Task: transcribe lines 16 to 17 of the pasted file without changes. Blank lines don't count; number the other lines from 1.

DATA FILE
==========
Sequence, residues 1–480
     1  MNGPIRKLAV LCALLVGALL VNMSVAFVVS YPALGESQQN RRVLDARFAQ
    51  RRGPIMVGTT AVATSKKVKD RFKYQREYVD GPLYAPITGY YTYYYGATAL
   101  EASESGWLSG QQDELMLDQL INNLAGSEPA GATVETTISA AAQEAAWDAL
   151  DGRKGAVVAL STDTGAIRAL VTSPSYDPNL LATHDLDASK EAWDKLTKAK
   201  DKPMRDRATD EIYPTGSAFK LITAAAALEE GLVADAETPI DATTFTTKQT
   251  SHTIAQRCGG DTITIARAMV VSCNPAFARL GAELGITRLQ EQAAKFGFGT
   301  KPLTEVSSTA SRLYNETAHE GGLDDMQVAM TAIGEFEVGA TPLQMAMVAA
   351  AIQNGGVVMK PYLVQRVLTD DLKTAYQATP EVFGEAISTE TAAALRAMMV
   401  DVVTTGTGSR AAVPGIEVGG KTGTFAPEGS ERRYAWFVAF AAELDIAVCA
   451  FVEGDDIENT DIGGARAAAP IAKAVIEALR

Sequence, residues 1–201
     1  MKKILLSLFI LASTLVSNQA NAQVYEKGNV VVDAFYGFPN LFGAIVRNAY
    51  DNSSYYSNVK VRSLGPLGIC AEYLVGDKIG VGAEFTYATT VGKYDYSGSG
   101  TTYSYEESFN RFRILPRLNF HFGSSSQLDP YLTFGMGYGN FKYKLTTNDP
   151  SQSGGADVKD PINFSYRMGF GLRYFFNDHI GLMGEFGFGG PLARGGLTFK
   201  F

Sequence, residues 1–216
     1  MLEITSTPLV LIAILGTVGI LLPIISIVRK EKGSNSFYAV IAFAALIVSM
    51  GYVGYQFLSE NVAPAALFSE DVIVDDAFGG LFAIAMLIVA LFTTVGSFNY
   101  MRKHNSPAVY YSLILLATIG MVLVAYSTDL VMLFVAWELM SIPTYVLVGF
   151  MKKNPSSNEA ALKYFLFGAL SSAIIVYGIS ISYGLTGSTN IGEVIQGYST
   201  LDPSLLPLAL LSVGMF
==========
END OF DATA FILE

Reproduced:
   151  SQSGGADVKD PINFSYRMGF GLRYFFNDHI GLMGEFGFGG PLARGGLTFK
   201  F